Barstow Superchargers are now… made in the shade
(Click to enlarge)
|Our 11th Roadtrip
in our Model 3
Mark D Larsen
Another Yuletide Season was upon us, and —as usual— Tamara’s family again wanted us to join them for the holidays. Her parents have now aged to the point that they need help on nearly a daily basis, so we volunteered to fill that role so that their regular caregiver could also have time off with her family. Truth be told, I wasn’t looking forward to this trip, and it would be the 11th time that we have driven these roads and freeways to the Sacramento area. It has become a long, tiresome trip for us, but… I’m sure it won’t be the last. I just wish I could relinquish this Model 3 and get a different EV for the future. Nonetheless, I’ll spare readers my comments about the car itself until the end and let them enjoy the few photos and movies below.
NOTE: You can click on the following photos to enlarge them, and the movies to play them.
Moxie was ready for the holidays, but I can't say she was thrilled to put on her Santa outfit.
We overpacked the car with our usual suitcases, Christmas presents, food and drinks, and departed on Winter Solstice —the shortest day of the year.
This is my usual introductory video, explaining where we are going.
Shortly thereafter we crossed the border into Nevada at Mesquite.
We then drove to a new Supercharger at the south end of Las Vegas, where we could plug in without waiting. Yay! To add to the festive mood, I donned my Santa hat.
Here is the energy readout when we arrived. You can see that we'd driven 146 miles, with 69 miles left, from our 80% charge at home.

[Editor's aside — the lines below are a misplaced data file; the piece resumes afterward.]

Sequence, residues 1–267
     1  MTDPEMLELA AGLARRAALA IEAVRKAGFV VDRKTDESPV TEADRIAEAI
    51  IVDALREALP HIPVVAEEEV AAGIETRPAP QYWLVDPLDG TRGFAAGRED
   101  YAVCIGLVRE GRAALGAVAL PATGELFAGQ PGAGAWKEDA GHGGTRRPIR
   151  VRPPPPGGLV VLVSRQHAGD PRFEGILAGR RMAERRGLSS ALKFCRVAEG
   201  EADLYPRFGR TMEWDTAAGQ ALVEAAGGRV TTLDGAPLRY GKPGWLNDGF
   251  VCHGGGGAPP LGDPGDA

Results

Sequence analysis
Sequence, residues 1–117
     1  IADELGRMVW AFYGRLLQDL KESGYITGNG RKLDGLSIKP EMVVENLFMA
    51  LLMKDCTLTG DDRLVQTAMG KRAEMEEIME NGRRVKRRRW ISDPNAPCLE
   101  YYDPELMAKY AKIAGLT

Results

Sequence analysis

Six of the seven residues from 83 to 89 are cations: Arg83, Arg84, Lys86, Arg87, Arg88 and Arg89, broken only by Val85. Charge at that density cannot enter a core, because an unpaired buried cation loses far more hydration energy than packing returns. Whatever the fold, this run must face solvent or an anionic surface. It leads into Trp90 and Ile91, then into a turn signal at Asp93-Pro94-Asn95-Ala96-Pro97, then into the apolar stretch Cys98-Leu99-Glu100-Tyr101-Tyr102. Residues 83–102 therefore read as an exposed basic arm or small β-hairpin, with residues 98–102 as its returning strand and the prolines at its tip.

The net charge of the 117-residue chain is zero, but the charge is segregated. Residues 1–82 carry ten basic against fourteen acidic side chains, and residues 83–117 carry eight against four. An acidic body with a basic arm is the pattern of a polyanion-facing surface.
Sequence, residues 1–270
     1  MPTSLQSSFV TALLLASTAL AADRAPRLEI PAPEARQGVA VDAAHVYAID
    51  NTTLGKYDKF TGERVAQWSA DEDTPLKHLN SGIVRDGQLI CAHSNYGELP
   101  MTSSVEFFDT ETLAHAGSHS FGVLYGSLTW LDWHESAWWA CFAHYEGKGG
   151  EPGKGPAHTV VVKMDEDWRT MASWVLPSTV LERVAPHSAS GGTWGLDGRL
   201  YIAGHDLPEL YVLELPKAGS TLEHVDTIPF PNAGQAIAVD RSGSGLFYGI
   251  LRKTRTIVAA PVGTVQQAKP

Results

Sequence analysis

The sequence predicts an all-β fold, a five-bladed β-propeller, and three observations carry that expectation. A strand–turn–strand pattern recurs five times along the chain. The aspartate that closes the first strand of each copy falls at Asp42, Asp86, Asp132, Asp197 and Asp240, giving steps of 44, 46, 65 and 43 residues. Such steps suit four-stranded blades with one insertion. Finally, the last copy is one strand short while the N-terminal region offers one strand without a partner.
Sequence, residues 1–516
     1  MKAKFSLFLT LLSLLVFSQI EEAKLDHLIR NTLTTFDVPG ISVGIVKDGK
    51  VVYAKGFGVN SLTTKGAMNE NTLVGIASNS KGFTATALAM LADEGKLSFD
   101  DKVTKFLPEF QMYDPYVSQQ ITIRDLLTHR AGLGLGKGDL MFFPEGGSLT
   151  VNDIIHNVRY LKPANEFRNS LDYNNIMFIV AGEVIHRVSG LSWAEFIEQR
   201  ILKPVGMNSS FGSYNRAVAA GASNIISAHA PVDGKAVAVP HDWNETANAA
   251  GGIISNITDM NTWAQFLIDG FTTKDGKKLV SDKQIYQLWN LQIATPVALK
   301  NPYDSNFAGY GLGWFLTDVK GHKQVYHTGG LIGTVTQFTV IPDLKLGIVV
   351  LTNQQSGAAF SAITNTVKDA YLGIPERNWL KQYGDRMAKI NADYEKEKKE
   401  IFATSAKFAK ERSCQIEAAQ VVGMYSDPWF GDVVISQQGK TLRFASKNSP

This new site boasts numerous v3 Superchargers that initiate a session with blistering speeds. In this case, 254kW at 1,063 miles-per-hour. Of course, the charging curve them dwindles steadily to about 50kW near an 80% charge.
Driving further south toward Barstow, we passed the usual odd formations on the hillsides.
As we approached Barstow the sun was already setting on the shortest day of the year.
Here's the readout when we reached the Superchargers in Barstow.
The site is huge, with not only v3 Superchargers, but also a huge row of Urban models to accommodate shoppers at the nearby mall. I was impressed that, since I'd last been here, they had erected solar canopies over the site, shown better in the photo at the top of the page.
Our next stop was in Mojave, and as we approached we saw that the wind turbines on the hillsides were flashing red lights, nearly sychronized, almost as though intended as a Christmas decoration.
After charging in Mojave, we arrived at our motel with 144 miles left in the battery.
Moxie was delighted to finally get out of the car and settle into the motel room.
The next morning we kept driving to reach I-5 and Kettleman City. In the video I comment on the inexplicable alarms we'd experienced so far in the car. I then observe that there is a car carrier in front of us with a Tesla on the back. When we passed it, we saw that it had a second one of the front. Used Teslas that owners have traded in…?
Sure enough, we soon ran across another car carrier with a third Tesla on the back.
Of course, like on our many trips on I-5, we saw carriers loaded down with Teslas being shipped from the Fremont factory. Oddly, we also saw such carriers heading toward the factory. Perhaps delivering models from the Austin facility in Texas?
We stopped to charge at Santa Nella, which boasted numerous Superchargers.
Moreover, there were a few Rivian chargers in that location. Tamara likes the look of those Rivians, as they seem to be more comfortable vehicles than our Model 3.
The location is at the Mission de Oro, an impressive, inviting hotel with several shops, restaurants, and —more crucial for a Supercharger site— clean, nice restrooms.